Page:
E-collars in Quebec


 Les lois inutiles affaiblissent les lois nécessaires.  

Extrait de L’Esprit des lois

Note: The following article covers certain nuances of provincial law in Quebec. I am not a lawyer, so please take what you read here with a hefty chunk of salt. It is also about e-collars which can be a hot-button issue among dog owners and trainers. I may post something in the future to further clarify my personal views on them, but for now, I will try to keep the article focused mainly on the legal issues surrounding the use of e-collars on hunting dogs in Quebec.

If you type the words "electronic collar" and "Quebec" into a goole search, you'll probably get dozens of links to articles about e-collars (and prong collars) being 'banned' in the Canadian province. Fortunately, for dog owners who support the proper use of e-collars, the articles are wrong. E-collars are NOT banned in Quebec. So what happened? Where did the misinformation come from?

Paved With Good Intentions.

The province of Quebec has long been considered the puppy mill capital of Canada. The province's vaguely worded and poorly enforced animal protection laws meant that unscrupulous breeders could keep and breed domestic cats and dogs in horrible conditions. But in 2013, after significant public pressure, the ruling party finally introduced new legislation designed to strengthen the Quebec Animal Health Protection Act. Soon after, a detailed application guide was published in an effort to help people understand the new laws and how they should be interpreted and applied by the courts. And while much of the information in the guide can be helpful, none of it is actual legislation. The guide is meant to explain the laws, not add to them or amend them in any way.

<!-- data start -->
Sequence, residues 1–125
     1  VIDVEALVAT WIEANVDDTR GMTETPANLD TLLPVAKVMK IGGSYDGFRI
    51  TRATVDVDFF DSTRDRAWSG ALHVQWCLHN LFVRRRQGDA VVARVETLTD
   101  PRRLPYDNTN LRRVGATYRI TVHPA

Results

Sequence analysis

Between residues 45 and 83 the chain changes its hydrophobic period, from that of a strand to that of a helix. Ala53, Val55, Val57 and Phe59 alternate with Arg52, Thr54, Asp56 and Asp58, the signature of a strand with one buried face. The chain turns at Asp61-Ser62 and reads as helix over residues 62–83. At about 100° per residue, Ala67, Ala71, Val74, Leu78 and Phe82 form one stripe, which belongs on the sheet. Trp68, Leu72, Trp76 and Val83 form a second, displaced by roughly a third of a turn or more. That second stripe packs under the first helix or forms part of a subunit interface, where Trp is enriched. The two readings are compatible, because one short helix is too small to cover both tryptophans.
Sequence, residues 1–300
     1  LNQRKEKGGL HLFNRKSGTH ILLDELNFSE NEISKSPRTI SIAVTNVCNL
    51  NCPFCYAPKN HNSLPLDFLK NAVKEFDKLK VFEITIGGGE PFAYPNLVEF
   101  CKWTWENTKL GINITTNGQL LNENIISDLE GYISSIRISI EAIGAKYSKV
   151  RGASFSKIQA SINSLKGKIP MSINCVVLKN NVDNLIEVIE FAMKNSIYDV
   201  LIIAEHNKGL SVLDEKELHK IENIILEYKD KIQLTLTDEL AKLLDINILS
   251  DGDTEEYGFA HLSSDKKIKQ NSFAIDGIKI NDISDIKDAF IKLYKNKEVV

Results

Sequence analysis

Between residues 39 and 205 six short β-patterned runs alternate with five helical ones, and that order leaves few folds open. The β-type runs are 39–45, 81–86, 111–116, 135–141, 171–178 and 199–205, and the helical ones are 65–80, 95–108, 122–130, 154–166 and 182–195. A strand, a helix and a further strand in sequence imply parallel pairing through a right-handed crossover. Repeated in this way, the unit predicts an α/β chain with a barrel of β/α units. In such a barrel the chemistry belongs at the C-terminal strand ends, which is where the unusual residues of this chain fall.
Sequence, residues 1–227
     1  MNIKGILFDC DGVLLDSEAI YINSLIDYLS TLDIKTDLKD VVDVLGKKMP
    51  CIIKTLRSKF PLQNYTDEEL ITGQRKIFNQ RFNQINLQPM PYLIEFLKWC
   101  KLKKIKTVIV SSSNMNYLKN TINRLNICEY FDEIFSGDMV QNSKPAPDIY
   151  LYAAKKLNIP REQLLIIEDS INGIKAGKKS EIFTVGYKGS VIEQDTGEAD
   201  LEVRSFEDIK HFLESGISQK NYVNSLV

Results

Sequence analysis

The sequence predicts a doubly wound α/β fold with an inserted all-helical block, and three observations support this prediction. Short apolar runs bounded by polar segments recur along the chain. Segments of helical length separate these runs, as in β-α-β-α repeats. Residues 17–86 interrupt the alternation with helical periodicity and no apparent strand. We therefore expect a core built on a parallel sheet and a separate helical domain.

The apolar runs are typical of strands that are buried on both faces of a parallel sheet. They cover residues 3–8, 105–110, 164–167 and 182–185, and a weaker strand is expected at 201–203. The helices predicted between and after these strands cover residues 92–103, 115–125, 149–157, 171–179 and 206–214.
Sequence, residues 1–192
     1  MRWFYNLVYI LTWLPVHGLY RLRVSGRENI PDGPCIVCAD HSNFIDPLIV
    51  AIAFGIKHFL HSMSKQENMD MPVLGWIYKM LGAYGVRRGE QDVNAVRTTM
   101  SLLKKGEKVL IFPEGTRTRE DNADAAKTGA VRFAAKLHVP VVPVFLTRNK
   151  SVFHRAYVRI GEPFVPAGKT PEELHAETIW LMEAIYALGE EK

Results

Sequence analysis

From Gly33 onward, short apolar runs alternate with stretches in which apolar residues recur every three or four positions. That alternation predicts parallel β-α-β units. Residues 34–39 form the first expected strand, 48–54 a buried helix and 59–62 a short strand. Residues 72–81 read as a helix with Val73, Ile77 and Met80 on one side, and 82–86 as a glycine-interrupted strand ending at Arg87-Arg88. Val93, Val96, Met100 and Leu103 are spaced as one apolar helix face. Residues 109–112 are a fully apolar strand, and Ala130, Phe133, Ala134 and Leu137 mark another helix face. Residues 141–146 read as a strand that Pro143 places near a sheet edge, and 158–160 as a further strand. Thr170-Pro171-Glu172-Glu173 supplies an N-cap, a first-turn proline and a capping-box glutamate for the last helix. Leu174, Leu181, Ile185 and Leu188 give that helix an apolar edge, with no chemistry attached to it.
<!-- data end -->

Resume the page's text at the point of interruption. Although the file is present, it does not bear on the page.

But that is exactly what the La Fédération québécoise des chasseurs et pêcheurs claimed was done when it came to legislation regarding dog and cat collars. In the official act, the following line is found: "The animal's collar must not hamper the animal's breathing, or cause it pain or injury.

Notice that there is no mention of any specific kind of collar. As written, the law basically says that ANY collar you put on a dog or a cat "... must not hamper the animal's breathing, or cause it pain or injury".  And who would disagree with that? Nothing you put on your dog — collar, sweater, boots, a Halloween costume or goggles — should hamper its breathing or cause it pain or injury. So the problem is not the actual law as it is written. The problem is the way the application guide tried to explain the law.

Unlike the actual law, the application guide did in fact mention specific types of collars.  Here is a screen shot from the first edition of the guide published in late 2013.  

Translation: Non-acceptable types of collars.
Electronic collars, anti-bark or for training. These collars do not meet
the requirements of the law since they can cause pain and injury to the animal.

Photos of an electronic bark collar and a prong collar were placed under the heading "Non-acceptable types of collars". The text next to each type of collar reads: "These collars do not meet the requirements of the law since they can cause pain and injury to the animal."

La Fédération québécoise des chasseurs et pêcheurs takes action


Realizing that the wording in the application guide would have a huge impact on gundog owners and trainers, members of the La Fédération québécoise des chasseurs et pêcheurs asked the provincial government to consider changes to some of the language in the guide. A memorandum issued by the Fédération argued that
"....the Application Guide, despite what it written in its own introduction, adds constraints and parameters that are not in the law, for the sole purpose of prohibiting training tools that are misunderstood due to unfounded prejudice. Moreover, it implies that people who uses these tools do so with the intention of hurting or injuring the animal, something that is absolutely contrary to the true intentions of anyone concerned with the healthy development of the animals with which they work."
Just like the men and women who wrote the law, Federation members understand that ANY kind of collar can hamper breathing and cause pain or injury if it is improperly used. So they were not asking for a change in the wording of the law, they were simply asking that the application guide stick to its mandate and not add "constraints and parameters that are not in the law". Why were e-collars and prong collars singled out in the guide? Why were users of such devices automatically assumed to have evil intentions?

There are already laws on the book to address the mistreatment of dogs. If any type of collar is used to hamper breathing and/or cause pain or injury to a dog, the Criminal Code applies. In fact, anyone doing anything with any device or even their own hands that hampers breathing or causes pain or injury to a dog is in violation of the criminal code and should face the consequences.